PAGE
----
Page images
PDF
EPUB

The pair inspired by rosy love,
Foretaste the joys of heaven above !
Their hearts are bless'd, and what to them
Is glittering pomp or costly gem ?
They rapture breathe! on earth beneath

They tread a soft enchanted path.
If o'er the hour the tempest lower,

They reck not the fate of its bursting wrath.

Alas! if Love do not reveal
His warmth to stamp the marriage seal,
Then grief and bitter woe betide
The wedded lord and hapless bride :
Then hope will die, and true Love fly

Far off upon his trembling wing ;
The wither'd breast shall know no rest
From the scorpion care, and his poison'd sting.

J. BIRD.

THE SAILOR'S FAREWELL.

Farewell ! Farewell ! the voice

you

hear, Has left its last soft tone with you, Its next must join the seaward cheer,

And shout among the shouting crew.

The accents which I scarce could form

Beneath your frown's controlling check, Must give the word, above the storm,

To cut the mast and clear the wreck.

The timid eye I dared not raise, –

Thé hand that shook when press'd to thine, Must point the guns upon the chase,

Must bid the deadly cutlass shine.

To all I love, or hope, or fear,

Honour, or own, a long adieu ! To all that life has soft and dear,

Farewell I save memory of you !

Scott.

Love, like the grave, levels earth’s vain distinctions,
Hearts blend beneath his influence, as the colours
Blend in the rainbow, where each separate hue
Grows faint and fainter, till its varied tints
Fade on our wandering eyes, and we behold
Nothing but heaven.

Neele.

THE RETREAT OF LOVE.

By heavenly feet thy paths are trod, Undying Love's, who here ascends a throne To which the steps are mountains; where the god

Is a pervading life and light, — so shown

Not on those summits solely, nor alone In the still cave and forest ; o'er the flower

His eye is sparkling, and his breath hath blown, His soft and summer breath, whose tender power Passes the strength of storms in their most desolate

hour.

All things are here of him ; from the black pines

That are his shade on high, and the loud roar Of torrents, where he listeneth; to the vines Which slope his green path downward to the

shore, Where the bow'd waters meet him, and adore, Kissing his feet with murmurs ; and the wood,

The covert of old trees, with trunks all hoar, But light leaves, young as joy, stands where it stood, Offering to him and his a populous solitude.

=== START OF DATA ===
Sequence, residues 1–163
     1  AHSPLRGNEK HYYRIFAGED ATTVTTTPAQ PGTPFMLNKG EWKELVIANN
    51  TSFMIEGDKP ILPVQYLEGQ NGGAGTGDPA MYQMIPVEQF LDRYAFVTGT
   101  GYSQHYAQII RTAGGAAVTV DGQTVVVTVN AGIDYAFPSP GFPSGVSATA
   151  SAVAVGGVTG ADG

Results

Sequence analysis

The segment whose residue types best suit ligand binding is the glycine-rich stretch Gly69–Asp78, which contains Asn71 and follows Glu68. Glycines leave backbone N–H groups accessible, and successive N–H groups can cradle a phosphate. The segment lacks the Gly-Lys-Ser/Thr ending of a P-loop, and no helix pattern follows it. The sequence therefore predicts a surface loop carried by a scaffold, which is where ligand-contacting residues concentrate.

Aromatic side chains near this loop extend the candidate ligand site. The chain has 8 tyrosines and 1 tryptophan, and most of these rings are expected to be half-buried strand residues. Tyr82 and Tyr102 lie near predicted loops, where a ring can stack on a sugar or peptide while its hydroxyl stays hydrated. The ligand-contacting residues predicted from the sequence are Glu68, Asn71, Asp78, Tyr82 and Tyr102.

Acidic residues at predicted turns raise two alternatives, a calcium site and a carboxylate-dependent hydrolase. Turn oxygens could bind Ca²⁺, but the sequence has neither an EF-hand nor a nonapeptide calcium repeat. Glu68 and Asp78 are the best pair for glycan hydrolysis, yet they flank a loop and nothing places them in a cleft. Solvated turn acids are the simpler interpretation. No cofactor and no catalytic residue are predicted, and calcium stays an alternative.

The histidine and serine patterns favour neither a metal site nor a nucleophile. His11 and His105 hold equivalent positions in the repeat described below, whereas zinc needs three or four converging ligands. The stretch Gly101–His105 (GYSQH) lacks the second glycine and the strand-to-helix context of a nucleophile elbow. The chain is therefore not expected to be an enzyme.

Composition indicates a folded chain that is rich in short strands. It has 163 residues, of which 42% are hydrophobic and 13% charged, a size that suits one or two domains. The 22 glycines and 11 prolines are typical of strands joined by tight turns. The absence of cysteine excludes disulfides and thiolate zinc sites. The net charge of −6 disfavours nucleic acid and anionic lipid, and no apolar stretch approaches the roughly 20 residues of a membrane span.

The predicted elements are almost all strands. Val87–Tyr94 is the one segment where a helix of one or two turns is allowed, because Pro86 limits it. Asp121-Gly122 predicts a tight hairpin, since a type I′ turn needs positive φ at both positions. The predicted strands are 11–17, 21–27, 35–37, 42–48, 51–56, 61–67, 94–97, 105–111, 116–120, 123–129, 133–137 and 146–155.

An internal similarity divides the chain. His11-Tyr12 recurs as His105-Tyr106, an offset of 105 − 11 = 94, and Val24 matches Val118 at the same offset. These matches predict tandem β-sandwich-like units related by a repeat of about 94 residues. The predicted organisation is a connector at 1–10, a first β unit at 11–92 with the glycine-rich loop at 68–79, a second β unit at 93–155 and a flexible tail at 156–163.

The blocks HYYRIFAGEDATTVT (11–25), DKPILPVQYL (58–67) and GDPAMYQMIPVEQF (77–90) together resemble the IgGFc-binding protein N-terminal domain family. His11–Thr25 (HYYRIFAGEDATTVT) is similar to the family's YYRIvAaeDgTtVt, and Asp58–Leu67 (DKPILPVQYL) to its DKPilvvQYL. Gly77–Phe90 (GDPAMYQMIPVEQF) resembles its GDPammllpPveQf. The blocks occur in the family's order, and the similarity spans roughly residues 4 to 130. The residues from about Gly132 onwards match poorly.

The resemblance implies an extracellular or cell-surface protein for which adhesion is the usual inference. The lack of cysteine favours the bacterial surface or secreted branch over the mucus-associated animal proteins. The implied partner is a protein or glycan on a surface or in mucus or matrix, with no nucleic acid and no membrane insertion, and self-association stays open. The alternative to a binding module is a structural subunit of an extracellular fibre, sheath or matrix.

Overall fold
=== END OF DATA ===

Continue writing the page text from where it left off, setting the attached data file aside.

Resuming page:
A populous solitude of bees and birds,

And fairy-form'd and many-colour'd things, Who worship him with notes more sweet than words.

And innocently open their glad wings,

Fearless and full of life: the gush of springs, And fall of lofty fountains, and the bend

Of stirring branches, and the bud which brings The swiftest thought of beauty, here extend, Mingling, and made by Love, unto one mighty end.

He who hath loved not, here would learn that lore,

And make his heart a spirit; he who knows
That tender mystery will love the more,

For this is Love's recess, where vain men's woes,
And the world's waste, have driven him far from

those,
For 'tis his nature to advance or die ;

He stands not still, but or decays, or grows Into a boundless blessing, which may

vie With the immortal lights, in its eternity.

BYRON,

THE LOVE OF LATER YEARS.

They err who deem Love's brightest hour in bloom

ing youth is known : Its purest, tenderest, holiest power in after life is

shown, When passions chasten'd and subdued to riper years

are given, And earth and earthly things are view'd in light that

breaks from Heaven.

H

It is not in the flush of youth, or days of cloudless

mirth, We feel the tenderness and truth of Love's devoted

worth; Life then is like a tranquil stream which flows in

sunshine bright, And objects mirror'd in it seem to share its sparkling

light.

'Tis when the howling winds arise, and life is like

the ocean,

Whose mountain billows brave the skies, lash'd by

the storm's commotion, When lightning cleaves the murky cloud, and thun

derbolts astound us, 'Tis then we feel our spirits bow'd by loneliness

around us.

Oh! then, as to the seaman's sight the beacon's

twinkling ray Surpasses far the lustre bright of summer's cloudless

day, E'en such, to tried and wounded hearts in manhood's

darker years, The gentle light true love imparts, mid sorrows, cares,

and fears.

« PreviousContinue »